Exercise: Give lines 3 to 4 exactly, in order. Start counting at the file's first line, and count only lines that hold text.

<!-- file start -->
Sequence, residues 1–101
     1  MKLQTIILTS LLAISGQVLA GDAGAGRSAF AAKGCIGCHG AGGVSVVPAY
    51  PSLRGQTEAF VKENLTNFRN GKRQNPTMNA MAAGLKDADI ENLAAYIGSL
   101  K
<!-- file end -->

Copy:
    51  PSLRGQTEAF VKENLTNFRN GKRQNPTMNA MAAGLKDADI ENLAAYIGSL
   101  K